Looting Versailles

Looting Versailles
My first book of poems, just released by Alabaster Leaves Publishing

Saturday, September 21, 2013

On "The Comfort Zone"

Today I did a high-ropes course with some fellow pediatricians. It was a team building exercise, and was described as a way to move us from "our comfort zones" and into "the learning zone" which is outside the comfort zone. Outside the learning zone is "the panic zone." The learning zone was described as a place to go in order to grow, to expand ourselves via experience, to learn, to move forward / progress. When this image - the image of a target, with the bull's-eye as the comfort zone, the next zone as the learning / growth zone, and the one outside of that the panic zone - when this metaphorical image was provided to us, I immediately felt it true against my experience. When I exercise, I always track the amount of weight or the amount of repetitions I do, so next week I can go BEYOND that number, or at least aim to go beyond - and by doing so in the past I've gained size and strength; in short: I've grown. Another area where this applies: Literature, or any art really.

It may not be true for all people, but what I've valued my entire life is art that is outside what I'm comfortable with (used to seeing) and that brings me into "the learning zone," where I'm experiencing something new. This is when my imagination is captured, when I lose a sense of time, when my eyes are dilated and adrenaline is rushing. Keats said we know poetry by the pulse.

When I think of what art may exist in EVERYONE's panic zone, I think of Joyce's Finnegan's Wake.

This doesn't change anything about my aesthetic values, which I can sum up really in one word: unfamiliar. But it does give me a nifty image - the bull's-eye - with which I can imagine the idea as a thing.

To be honest, I really think some of the other things people believe poetry can provide - some kind of eternal or noble truth - is best sought in non-fiction, like essays or magazine articles, or science papers. Then I recommend a dose of philosophy to knock you back on your ass. I'm not sure I've said it on my blog so I'll say it now, something I thought of recently and feel sums up nicely what I've learned from experience (as a published poet and physician):

Art opens your eyes and makes you pay attention (increasing awareness / consciousness / self (?) ), and what you see after Art is Science (what is / ontology).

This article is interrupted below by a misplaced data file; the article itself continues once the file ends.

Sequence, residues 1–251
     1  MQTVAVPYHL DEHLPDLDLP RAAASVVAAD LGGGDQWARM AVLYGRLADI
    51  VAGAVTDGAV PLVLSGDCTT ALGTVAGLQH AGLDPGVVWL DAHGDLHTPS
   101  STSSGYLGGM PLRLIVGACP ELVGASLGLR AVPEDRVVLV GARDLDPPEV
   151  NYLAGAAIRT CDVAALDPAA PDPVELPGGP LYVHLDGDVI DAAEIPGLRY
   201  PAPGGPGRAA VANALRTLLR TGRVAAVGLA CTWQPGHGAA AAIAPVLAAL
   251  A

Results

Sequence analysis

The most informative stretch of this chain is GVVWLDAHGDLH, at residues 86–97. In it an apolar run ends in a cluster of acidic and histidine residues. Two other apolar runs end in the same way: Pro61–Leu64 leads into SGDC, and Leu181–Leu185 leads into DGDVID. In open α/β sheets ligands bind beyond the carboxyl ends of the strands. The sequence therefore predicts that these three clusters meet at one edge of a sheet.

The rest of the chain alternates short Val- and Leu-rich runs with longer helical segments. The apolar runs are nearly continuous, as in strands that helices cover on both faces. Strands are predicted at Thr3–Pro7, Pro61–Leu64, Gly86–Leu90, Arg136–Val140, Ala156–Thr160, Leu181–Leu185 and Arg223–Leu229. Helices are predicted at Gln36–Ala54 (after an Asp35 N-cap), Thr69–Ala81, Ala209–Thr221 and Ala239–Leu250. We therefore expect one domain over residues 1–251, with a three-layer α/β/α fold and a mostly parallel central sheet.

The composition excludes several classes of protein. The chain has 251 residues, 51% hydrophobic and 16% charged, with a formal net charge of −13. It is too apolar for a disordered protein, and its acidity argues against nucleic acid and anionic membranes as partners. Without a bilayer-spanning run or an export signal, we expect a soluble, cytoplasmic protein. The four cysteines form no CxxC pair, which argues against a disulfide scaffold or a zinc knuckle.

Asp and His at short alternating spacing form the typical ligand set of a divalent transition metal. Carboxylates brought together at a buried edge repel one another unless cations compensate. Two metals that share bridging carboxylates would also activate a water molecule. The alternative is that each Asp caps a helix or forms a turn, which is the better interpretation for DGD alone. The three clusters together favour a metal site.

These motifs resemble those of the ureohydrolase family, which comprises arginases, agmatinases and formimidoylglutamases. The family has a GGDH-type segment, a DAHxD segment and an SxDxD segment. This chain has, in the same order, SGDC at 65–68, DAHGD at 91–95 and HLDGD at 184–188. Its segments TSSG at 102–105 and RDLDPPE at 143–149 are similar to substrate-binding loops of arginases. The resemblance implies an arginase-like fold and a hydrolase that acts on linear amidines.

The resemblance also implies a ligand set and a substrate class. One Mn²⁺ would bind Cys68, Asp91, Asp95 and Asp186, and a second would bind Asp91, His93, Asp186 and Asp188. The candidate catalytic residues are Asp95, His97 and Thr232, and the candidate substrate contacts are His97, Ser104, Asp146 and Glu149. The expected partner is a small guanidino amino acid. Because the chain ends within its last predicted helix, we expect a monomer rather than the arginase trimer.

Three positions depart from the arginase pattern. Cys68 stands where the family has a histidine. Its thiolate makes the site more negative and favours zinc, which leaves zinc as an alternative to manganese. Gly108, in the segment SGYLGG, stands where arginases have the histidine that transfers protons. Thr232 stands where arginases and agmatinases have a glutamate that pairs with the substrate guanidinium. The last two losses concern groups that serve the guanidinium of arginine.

Since most people who read this know me personally, what I say won't be taken as authoritative. So I'll reprint some words from a poetry textbook now in, I believe, it's 17th or 18th printing, Perrine's Sound and Sense:

"If we limit ourselves to looking in poetry for some lesson, message, or noble truth about life, we are bound to be disappointed. This limited approach sees poetry as a kind of sugarcoated pill - a wholesome truth or lesson made palatable by being put into pretty words. What this narrow approach really wants is a sermon - not a poem, but something inspirational."

Unfortunately, in the American education system, we are taught to analyze a poem and write about what it "means." I loathe this so deeply, but find most people really buy it, which depresses me, or used to.  Now I just thank heaven I'm no longer party to that extraordinary popular delusion. And I'm (hopefully) done trying to convert people away from that way of thinking, except I'll still preach my way on this blog :) Isn't that what blogs are for?


Tuesday, September 10, 2013

P. Muldoon, and the art of what is NOT said

I just wanted to write a brief blog praising the art of Paul Muldoon, Irish poet, professor at Oxford and Princeton. I'd consider him a poet's poet, so my kind of poet. He is not accessible, he is difficult. He is colorful diction (the Aussies and Celts don't have to look far for pleasingly-odd words), playful form with off-the-wall rhymes; he is having fun, he is vulgar, high-brow, pastoral, guttural, visceral, drunk - basically, disorienting as hell, WHICH I LOVE. There is more VERVE to his work than in the Heaney I've read (RIP). He reminds me of a brutish, roguish version of James Merrill, with his playing in form and love of sound and color. By color I mean the splash of imagery a word throws on the mental screen. If  you have not, I suggest you read him now.